But it will get better. In the not too distant future, we will return to those days where we can fellowship, laugh, work and thrive together without the deep sense of heaviness and unease that has pervaded our being for far too long now. And if history is any indication, we will not only survive, but we will thrive.

We only need to look back to this time in the early twentieth century, specifically to 1918, where the one-two punch of the Spanish Flu (50 million dead) and World War I (20 million dead) no doubt led to despondence, depression, and a less than positive outlook on any hope of recovery. Add to that the Great Depression (1929-1933) and World War II (1939-1945), and one would likely agree that our ancestors had every reason to throw in the towel and to give up hope on any type of viable future—and on humanity in general.


Indeed, if you have been blessed to speak with your grandparents, great-grandparents, or to read any of the memoirs or letters from their earlier years, odds are you did not find doom, gloom or tales of woe and hand-wringing. What you likely discovered was a gleam in the eye, an unwavering faith, stories of optimism and good times, an encompassing love for friends and family, and salt of the earth grit. This philosophy—the determination to not let their future be dictated by the present—is what will drive our recovery as well.

“Polarizing events such as a natural disaster—whether it be a hurricane or a pandemic—tend to bring into focus what really matters.”

Polarizing events such as a natural disaster—whether it be a hurricane or a pandemic—tend to bring into focus what really matters. For me, my friends and family here at Butler Snow helped get me through 2020. They continue to be a light, even to this day.

Three of my law school classmates happen to be my partners, and even though we work in different Butler Snow offices, we frequently check-in like we are next-door neighbors. What was a tight quartet pre-2020 has morphed into a true brotherhood. In 2020, when the skies were dark and the road was unsteady, we scheduled check in calls weekly—some via Zoom (which is now a four-letter word in more ways than one) and some telephonically. I cannot overstate the importance of having an uplifting support group when things got ugly.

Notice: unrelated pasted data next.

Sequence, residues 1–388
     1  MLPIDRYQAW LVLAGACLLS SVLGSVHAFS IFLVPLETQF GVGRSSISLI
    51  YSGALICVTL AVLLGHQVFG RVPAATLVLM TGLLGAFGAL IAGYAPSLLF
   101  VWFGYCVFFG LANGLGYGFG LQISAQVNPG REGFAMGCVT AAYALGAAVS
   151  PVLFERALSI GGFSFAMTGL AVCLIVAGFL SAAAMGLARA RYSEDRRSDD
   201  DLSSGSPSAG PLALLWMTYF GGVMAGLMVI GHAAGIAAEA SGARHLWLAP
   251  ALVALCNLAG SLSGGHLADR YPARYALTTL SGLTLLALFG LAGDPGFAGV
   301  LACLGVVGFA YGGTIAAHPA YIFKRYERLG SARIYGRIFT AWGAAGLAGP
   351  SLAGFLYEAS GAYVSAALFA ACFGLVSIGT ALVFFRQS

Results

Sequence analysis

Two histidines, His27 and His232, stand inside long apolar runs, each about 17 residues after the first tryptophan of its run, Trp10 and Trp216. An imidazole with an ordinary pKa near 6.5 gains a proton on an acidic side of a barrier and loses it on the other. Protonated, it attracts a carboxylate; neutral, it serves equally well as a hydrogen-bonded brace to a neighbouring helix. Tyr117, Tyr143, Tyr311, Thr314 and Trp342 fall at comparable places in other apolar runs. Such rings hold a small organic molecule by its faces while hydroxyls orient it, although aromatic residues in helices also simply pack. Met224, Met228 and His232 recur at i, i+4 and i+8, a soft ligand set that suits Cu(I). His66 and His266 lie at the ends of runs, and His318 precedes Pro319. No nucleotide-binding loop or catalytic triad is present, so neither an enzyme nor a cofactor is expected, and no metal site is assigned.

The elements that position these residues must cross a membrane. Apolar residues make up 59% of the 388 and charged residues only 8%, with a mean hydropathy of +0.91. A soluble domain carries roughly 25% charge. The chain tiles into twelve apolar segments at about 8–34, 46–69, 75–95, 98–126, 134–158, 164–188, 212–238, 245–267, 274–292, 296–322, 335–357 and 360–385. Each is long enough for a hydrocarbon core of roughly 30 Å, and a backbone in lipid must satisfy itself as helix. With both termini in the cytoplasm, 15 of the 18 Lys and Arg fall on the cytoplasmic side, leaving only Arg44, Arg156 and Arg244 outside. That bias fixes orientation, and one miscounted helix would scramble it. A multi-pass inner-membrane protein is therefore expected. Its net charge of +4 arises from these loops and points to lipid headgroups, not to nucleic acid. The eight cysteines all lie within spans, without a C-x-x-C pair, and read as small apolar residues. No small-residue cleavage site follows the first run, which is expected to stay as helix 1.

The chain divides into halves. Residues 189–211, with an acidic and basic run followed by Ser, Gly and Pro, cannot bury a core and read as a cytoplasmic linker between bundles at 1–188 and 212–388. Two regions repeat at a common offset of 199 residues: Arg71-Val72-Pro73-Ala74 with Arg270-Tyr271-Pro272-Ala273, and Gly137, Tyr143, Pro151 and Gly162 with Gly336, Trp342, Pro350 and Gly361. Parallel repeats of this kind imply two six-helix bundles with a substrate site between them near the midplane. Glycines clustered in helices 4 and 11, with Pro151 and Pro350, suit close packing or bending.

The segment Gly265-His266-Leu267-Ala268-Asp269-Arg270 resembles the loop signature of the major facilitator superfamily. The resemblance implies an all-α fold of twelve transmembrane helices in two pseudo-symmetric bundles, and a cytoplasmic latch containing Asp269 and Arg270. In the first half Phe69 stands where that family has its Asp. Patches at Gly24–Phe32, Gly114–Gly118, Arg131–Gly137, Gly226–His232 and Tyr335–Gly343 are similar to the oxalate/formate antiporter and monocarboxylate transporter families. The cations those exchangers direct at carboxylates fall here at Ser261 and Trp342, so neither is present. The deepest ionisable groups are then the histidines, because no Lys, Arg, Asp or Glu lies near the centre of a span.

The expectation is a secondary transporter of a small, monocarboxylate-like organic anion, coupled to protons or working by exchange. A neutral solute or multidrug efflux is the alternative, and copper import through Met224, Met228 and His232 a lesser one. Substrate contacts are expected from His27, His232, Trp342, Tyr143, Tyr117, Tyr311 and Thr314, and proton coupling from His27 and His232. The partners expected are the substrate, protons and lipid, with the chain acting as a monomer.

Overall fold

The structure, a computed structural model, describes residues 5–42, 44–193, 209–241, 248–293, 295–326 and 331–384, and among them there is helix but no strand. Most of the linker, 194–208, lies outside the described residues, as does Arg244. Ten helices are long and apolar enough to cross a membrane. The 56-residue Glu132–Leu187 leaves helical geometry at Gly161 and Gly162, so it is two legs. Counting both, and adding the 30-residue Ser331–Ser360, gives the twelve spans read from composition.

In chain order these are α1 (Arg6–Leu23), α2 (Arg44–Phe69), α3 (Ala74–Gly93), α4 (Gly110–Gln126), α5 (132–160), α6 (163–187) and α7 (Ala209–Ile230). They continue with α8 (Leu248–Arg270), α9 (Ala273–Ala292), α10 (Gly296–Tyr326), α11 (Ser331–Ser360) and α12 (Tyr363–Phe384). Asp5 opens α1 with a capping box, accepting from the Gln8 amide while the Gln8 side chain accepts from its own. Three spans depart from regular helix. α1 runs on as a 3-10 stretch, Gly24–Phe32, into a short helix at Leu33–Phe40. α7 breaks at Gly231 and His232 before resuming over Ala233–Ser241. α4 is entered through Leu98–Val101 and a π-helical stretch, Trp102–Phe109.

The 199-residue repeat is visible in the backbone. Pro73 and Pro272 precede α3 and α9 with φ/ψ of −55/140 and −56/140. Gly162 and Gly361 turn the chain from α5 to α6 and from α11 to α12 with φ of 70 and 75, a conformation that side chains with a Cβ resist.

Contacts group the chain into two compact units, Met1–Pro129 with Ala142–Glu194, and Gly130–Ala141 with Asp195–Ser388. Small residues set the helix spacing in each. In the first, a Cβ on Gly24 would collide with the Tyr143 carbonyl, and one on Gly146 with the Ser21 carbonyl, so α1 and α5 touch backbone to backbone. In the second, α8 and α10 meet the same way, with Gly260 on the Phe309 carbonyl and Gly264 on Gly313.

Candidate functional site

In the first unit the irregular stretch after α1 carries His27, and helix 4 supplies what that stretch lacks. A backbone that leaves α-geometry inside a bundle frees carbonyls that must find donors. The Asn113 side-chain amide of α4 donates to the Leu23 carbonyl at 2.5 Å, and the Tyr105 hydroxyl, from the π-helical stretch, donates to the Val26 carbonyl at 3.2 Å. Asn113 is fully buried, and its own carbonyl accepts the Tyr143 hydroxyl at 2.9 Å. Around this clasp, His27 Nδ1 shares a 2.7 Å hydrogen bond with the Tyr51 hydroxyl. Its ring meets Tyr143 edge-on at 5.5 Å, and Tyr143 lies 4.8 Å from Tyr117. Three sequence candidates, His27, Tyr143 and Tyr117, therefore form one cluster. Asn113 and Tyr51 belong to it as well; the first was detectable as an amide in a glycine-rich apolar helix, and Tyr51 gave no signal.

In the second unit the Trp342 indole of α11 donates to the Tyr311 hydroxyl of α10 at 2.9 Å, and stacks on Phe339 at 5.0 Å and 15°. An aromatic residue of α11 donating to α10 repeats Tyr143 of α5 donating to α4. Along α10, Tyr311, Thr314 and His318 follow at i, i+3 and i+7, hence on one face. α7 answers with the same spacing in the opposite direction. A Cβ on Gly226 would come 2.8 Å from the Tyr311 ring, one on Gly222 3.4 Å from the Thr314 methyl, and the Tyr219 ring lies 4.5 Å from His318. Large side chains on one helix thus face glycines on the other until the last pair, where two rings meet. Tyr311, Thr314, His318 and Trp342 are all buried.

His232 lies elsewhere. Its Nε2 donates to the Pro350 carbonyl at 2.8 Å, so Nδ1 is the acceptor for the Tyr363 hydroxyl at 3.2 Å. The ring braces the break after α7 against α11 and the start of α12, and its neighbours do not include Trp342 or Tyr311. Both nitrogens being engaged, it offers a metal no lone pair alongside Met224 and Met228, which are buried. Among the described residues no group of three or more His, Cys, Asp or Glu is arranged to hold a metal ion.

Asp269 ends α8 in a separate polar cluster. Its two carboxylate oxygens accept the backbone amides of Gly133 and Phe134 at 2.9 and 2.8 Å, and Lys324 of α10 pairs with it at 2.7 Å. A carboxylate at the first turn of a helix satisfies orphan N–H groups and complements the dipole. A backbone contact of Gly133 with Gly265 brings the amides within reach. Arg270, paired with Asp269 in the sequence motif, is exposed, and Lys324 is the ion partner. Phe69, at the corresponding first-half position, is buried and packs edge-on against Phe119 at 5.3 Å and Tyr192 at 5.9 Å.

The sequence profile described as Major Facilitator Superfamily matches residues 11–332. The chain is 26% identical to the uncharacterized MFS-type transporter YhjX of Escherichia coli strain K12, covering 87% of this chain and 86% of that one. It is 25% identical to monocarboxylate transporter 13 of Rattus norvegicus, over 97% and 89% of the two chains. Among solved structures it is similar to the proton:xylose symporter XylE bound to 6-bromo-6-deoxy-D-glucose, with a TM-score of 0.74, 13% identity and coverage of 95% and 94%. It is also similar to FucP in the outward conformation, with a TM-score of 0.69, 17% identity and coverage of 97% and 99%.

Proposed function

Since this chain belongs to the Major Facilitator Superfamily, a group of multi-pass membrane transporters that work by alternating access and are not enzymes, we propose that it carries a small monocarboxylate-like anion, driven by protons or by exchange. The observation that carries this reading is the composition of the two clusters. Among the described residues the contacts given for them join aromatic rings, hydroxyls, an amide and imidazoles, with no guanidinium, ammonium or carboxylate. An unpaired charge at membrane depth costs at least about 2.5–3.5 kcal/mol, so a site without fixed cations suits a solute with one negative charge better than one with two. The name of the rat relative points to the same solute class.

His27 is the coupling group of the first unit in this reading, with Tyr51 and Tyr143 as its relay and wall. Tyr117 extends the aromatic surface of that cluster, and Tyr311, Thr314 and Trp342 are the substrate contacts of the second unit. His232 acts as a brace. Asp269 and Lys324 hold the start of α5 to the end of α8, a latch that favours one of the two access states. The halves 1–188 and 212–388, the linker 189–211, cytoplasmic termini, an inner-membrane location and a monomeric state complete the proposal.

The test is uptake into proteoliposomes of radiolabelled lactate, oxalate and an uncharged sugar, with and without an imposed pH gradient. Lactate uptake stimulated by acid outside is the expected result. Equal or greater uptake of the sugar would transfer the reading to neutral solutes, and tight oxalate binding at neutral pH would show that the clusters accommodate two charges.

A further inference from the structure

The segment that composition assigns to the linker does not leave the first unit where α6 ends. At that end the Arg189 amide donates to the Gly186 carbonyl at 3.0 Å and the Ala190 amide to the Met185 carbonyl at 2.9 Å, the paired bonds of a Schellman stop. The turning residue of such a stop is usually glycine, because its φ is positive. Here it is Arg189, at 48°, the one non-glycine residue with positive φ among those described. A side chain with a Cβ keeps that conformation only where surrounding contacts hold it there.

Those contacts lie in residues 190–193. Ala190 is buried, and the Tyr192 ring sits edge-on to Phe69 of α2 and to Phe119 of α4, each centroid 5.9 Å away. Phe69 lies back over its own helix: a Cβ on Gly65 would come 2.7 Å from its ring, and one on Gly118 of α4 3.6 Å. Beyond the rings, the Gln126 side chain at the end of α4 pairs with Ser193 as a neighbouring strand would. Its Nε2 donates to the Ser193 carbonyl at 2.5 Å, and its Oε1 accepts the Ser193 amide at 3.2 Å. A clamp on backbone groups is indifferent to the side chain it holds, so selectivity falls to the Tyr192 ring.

It didn’t end there, however. Maybe it was the collective feeling that we were all in the same boat, and maybe it was an understanding that if we all rowed together, the odds of arriving in one piece were better, but I found that friendships and the sense of community in the firm grew beyond my inner circle. From Nashville to New York—and everywhere in between—I found nuggets of compassion, intellect, drive, and optimism from my partners and colleagues that motivated me every day. Much like our ancestors who rose to the occasion when times were tough, I witnessed people day in and day out face the pandemic and come out stronger and brighter than ever before. As fate would have it, the struggles at work were not limited to the collateral damage from the virus. There were other issues. Three of our partners died untimely deaths, unrelated to Covid-19, during this period. Family members passed, including my mother—the sweetest woman to ever walk this earth. There were divorces, and there were difficulties with children feeling isolated at home. There was the uncertainty of firm finances, and the question of how we could maintain our standards in servicing our clients was always at the forefront of our minds. When these events occurred—when things seemed like they would only get worse—that’s when people stepped up and offered a hand, an ear, and—if not a solution—a solid backstop. Perhaps no one group did it better than our firm management.